Recent political unrest in Malaysia has enormously impacted the country’s economic growth. Not only will it continue to have implications for the people and commerce, but it will also affect investors’ confidence in the Malaysian tech scene.
On August 16 2021, the eighth prime minister of Malaysia, Muhyiddin Yassin, stepped down from his position after losing most of his parliamentary votes after only 17 months in office. A few days later, Malaysia’s King Al-Sultan Abdullah appointed Ismail Sabri Yaakob as Malaysia’s ninth prime minister and the third prime minister within three years.
With the ongoing conflict, the Malaysia tech trends in 2023 are not likely to boost or protect the startup scene of this potential ASEAN powerhouse.
The political impact on the Malaysia tech scene
Instability has plagued Malaysia’s attempts to develop its economy over the past four years. Since the 2018 election marked the first change in government in sixty years, the private sector has shown reluctance to invest in line with the country’s potential to become a tech hub due to numerous policy reversals. One such decision is whether to proceed with a high-speed rail (HSR) line project that connects Kuala Lumpur and Singapore, reducing the planned increased connectivity between these two crucial Southeast Asian economies.
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Another policy turnaround disrupting the economy concerns dismantling foreign labour cartels that have contributed to severe workforce shortages. Both foreign and domestic investors have slowed their commitments after the unexpected defeat of the UMNO-led Barisan Nasional (BN) by Pakatan Harapan (PH). The brinkmanship of two of the country’s four largest telecommunications companies over the crucial rollout of the 5G network is another victim of this political instability.
Maxis and U Mobile’s decision last week to reject a stake in the state-controlled 5G provider, Digital Nasional Berhad (DNB), has further delayed the rollout of the Ismail Sabri Yaakob administration’s flagship infrastructure project. On August 30 2022, Maxis informed DNB of its withdrawal five minutes before the deadline, while U Mobile withdrew the following day. Maxis cited issues with the “transparency” of the equity deal. The companies have been the most enthusiastic about developing their 5G infrastructure; however, a potential political shift following the elections will likely influence their thinking.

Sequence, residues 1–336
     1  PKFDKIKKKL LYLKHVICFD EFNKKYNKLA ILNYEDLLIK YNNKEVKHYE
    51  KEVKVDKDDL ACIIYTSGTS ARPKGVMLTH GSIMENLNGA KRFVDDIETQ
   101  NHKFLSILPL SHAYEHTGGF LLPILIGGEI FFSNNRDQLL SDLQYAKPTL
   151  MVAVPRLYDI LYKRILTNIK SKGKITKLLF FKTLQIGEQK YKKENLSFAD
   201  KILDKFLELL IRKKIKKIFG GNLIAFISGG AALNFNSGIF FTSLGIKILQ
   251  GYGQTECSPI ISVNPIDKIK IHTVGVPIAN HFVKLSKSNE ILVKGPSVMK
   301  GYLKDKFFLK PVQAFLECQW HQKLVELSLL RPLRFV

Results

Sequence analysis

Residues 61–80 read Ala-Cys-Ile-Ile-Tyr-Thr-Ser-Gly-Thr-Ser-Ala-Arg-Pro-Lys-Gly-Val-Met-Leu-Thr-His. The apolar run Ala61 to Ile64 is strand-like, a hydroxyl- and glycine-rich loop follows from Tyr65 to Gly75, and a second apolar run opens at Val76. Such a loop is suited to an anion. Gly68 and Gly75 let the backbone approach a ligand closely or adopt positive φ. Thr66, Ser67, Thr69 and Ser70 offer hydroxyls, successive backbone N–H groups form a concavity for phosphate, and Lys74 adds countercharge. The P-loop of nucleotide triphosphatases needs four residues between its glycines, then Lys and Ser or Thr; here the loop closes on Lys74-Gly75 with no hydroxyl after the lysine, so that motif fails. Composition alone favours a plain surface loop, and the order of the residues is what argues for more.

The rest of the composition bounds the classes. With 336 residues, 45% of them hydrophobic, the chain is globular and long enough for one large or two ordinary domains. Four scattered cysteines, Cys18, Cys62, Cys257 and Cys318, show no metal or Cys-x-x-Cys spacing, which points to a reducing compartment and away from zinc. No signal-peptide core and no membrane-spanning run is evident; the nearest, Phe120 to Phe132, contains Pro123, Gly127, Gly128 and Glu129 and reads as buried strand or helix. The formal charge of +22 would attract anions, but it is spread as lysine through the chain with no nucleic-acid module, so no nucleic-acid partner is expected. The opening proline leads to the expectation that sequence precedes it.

Political uncertainties are seen as a ‘short-term risk’
Despite the political turmoil in Malaysia, Kejora Ventures and Sun SEA Capital venture partner Raymond Ho opined that it would have a minimal effect on investors’ confidence in Malaysian tech startups due to the accelerated digitalisation that has been ongoing since the pandemic.
Venture capitalists (VCs) typically take a long-term perspective instead of a short-term one when investing in tech startups. The long-term concerns should focus on monitoring which market segments are heavily affected by COVID-19 and shifting consumer behaviour.
It is anticipated that the new government will continue to support the country’s technology sector. However, this does not imply that everything will be pleasant and managed correctly because the prolonged political uncertainty may slow economic recovery.
Expect a weaker tech scene for 2023
Malaysia remains a crucial player in the global supply chain, as 7% of international semiconductor trade passes through the country, and it holds 13% of the world’s chip testing and packaging market share. The electrical and electronic industry continues to be the most significant export contributor, with a total of USD 11.4 billion in semiconductor investments announced over the past 12 months and aiming to create 11,000 jobs.
Hong Leong Investment Bank Bhd (HLIB) reported that the Malaysia Semiconductor Industry Association (MSIA) anticipated a decline next year, primarily due to the weakness in consumer-centric end markets such as PCs and smartphones. However, the automotive segment remains resilient with a solid book-to-bill ratio.
Global investment is expected to be very robust, with a total value of USD 1.2 trillion planned over the next 10 to 20 years. Despite the recent reduction in capital expenditure plans by major players, MSIA believes this will not significantly impact the industry as equipment lead times remain lengthy. MSIA is working with the government to improve non-monetary incentives, such as automation, talent, supply chain, R&D, and connectivity, to attract foreign direct investment in this industry. The Malaysian tech sector still faces economic headwinds like inflation, global recession risk, Taiwan-US-China tensions, demand corrections in consumer products, supply disruptions, and a shortage of workers and talent.
As political unrest in Malaysia continues, the people of Malaya can only hope for a better government in the future. Despite the stunted startup scene, the government’s efforts to bring the technology sector into their budget are considered an achievement. With funds and support from the government, more tech startups are likely to take the opportunity to explore the market. Meanwhile, the Malaysia tech trends 2023 will most likely remain relevant as people adapt to the age of the digital economy despite the political turmoil.